So this is what I’m left with. Sweating in a cold shed and walking the dogs. The stupid young one** acting as a depth indicator in a lake that was once fields. That time being yesterday before the rain decided 24 hours was an entirely appropriate duration to flood the local geography.

At some point I’ll be able to ride a mountain bike again. Whatever the prevailing weather and trail conditions, at least one of my extensive shed based collection shall intersect with the grim outside my door. Until then I’m left with the buggeration of the observer, the chagrin of the not included, the desperation of the hanger on.

Here’s the thing-  when you wonder if it’s worth going out in the grim. If you’ll get anything other than a winters crack, back and rucksack of moist mud, if the ball-ache of dealing with the aftermath of winter is worth it, remember this:

You have a choice, Trust me, that’s a good thing. I’m beyond envious.

*more carried across the Brecon Beacons. I’d pay lots of cash right now to do that again.

**the old one is just as stupid. He just doesn’t like getting his feet wet.

 

 

Things you might have missed..

Trans-Cambrian MTB Sept 2017

And an excuse to post one of my favourite pictures. Trans Cambrian – Sept 2017. As wet as a man can get without drowning.

Without further ado, these are the most read posts in 2017.  Who knows why. Probably spambots.

2017- Curated

And this is the updated bike page which receives far more edits than any individual post 😉

Emperor. Missing clothes.

Tradition

Edd's Birthday ride - Gap in the snow

Tradition is an odd concept when you think about it. It decomposes into repeating the same things yet somehow expecting a different outcome. Which is a rather better definition for insanity.

Examples abound; this is the year we pack unstable family relationships into a tight box,  ignite the blue touch paper with alcohol and by some miracle nothing shall explode*. Further there is no possibility I shall emerge from these ten days more than 1 kg heavier despite eating my own body weight in cheese washed down with tasty toxins. Finally the fragile purity of my resolutions shall not shatter under the weight of dark, frozen January misery.

That’s pretty much covered off the joy of Christmas so let’s move onto some real food for the soul** The therapy/drinking group cleverly disguised as a loose association of mountain bike riders mark the holidays with a ride up and over a Welsh mountain.  While the route and the date never change, who actually turns up is a little more random based on availability, prevailing weather conditions, level of apathy and – in the case of one particular chap – the ability to function whilst under the spell of a crippling hangover.

We’ve been here before. Tradition dictates we shall go there again. It’s like bloody groundhog day with less amusing marsupial and more stumbling idiot.  Learning at least a little from last years debacle, my bag was fully packed and triple checked a whole day before. Ensuring my performance – while still wholly pitiful – would not be degraded due to a lack of the proper equipment.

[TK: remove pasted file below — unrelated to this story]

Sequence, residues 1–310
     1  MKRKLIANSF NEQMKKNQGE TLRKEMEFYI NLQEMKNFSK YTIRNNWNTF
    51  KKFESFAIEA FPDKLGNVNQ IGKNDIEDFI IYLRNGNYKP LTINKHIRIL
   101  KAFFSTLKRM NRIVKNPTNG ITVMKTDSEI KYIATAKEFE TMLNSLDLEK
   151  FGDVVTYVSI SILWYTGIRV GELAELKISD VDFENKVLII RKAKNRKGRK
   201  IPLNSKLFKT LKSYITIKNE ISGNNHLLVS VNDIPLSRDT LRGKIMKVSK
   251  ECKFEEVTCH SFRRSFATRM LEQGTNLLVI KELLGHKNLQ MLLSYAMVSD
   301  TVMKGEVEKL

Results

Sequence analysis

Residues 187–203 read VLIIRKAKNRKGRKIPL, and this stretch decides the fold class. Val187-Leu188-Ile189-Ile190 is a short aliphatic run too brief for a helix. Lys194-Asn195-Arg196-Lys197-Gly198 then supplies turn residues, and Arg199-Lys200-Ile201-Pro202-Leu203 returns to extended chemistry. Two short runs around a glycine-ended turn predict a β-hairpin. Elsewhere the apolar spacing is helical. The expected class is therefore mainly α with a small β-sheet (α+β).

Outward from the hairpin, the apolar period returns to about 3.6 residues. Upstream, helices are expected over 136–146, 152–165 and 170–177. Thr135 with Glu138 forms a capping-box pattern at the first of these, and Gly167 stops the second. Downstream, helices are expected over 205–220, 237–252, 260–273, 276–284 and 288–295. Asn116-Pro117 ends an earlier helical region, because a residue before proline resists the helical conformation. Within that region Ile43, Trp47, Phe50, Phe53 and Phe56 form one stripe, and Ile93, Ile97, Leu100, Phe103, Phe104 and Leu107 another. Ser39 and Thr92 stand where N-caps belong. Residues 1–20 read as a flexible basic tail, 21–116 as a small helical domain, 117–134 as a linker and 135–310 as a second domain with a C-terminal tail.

Aside from my body. Which has the misfortune to host my brain. An organ that cannot look at a six bottle wine rack without considering it some kind of personal challenge. Although first it needs to warm up with a couple of beers, and some kind of donkey stunning cocktail, before a one man bacchanalian assault on all things liquid grape.

Not quite one man. Matt and Lauren kept me company,  but only I was able to entertain everyone in the room with a repeated stumble over an obviously placed obstacle when making room for more poison became a biological necessity.

As the world swam out of focus, some malicious bastard added gin to it. In quantities that would have transitioned that donkey from stunned to dead. Through years of rigorous practical study, I avoided any such fate instead retiring to bed at around 7pm, once I’d established which flight of stairs might be the real one.

The next morning we went riding. It was epic. A proper death march. Which considering I couldn’t operate a tooth brush at 7am is something I’m somewhat surprised I physically survived. Mentally though I’m a little tougher than I pretend so neshing out was never a remote possibility, although being violently ill in the van was my constant companion as we ascended into increasingly snowy landscapes.

Days like these aren’t about the riding. They are about the memories. The healing process kick-started by my three compatriots incessantly ripping the piss.  Then staring at the glass-still reservoir under white-dusted hills on the first climb. Noting the increasing snow depth as we climbed higher. Playing the game of riding on partially solid ice without crashing through.

And then onward through metre high snow drifts where bikes were going to be nothing more than an annoying accessory. Until they weren’t which is pretty much when the crashing started.  A 15 minute moorland yomp was transformed into a nearly an hour and a half of pathfinding, falling over in the snow, permanent laughing and wondering when it might be going dark.

The conditions didn’t improve much. They changed from deep snow to sloppy chop to hard ice. Our response was the same- ride what you can, walk the rest. Concluding in arse-sliding down the descent from the gap desperately hanging onto difficultly shaped bicycles. Even when remounting became an option, it was still mildly hairy. Especially if you were still mostly drunk.